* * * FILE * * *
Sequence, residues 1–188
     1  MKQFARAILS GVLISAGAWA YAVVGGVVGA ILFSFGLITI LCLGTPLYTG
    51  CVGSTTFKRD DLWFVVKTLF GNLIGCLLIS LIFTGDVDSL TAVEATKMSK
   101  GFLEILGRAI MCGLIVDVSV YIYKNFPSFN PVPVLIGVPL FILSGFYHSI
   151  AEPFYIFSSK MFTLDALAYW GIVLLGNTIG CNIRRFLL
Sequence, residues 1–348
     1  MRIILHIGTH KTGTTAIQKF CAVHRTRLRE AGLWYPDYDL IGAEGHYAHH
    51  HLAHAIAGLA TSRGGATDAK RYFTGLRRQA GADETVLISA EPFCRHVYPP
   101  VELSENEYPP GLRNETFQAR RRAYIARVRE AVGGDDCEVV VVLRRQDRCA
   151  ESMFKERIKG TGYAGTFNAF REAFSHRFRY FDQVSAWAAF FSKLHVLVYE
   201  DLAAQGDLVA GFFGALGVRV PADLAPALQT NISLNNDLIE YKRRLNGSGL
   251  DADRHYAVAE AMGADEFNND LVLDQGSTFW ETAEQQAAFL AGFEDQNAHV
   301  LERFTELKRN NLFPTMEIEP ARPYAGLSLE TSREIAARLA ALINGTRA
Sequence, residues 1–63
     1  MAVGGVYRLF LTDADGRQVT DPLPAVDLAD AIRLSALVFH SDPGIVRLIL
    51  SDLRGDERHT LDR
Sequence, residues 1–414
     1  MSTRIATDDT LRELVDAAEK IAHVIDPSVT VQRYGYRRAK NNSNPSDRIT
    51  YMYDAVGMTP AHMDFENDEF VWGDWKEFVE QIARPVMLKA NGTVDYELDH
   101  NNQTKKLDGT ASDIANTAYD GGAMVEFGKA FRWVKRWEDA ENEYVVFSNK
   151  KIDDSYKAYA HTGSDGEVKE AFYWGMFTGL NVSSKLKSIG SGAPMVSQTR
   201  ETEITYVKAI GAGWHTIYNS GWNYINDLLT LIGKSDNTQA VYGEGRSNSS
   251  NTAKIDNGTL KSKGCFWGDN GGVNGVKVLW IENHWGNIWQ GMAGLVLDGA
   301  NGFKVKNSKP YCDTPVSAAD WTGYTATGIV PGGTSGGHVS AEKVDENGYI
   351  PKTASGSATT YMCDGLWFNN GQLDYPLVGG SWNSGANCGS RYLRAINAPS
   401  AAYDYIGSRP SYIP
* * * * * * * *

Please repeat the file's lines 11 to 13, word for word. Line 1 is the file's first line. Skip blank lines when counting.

   201  DLAAQGDLVA GFFGALGVRV PADLAPALQT NISLNNDLIE YKRRLNGSGL
   251  DADRHYAVAE AMGADEFNND LVLDQGSTFW ETAEQQAAFL AGFEDQNAHV
   301  LERFTELKRN NLFPTMEIEP ARPYAGLSLE TSREIAARLA ALINGTRA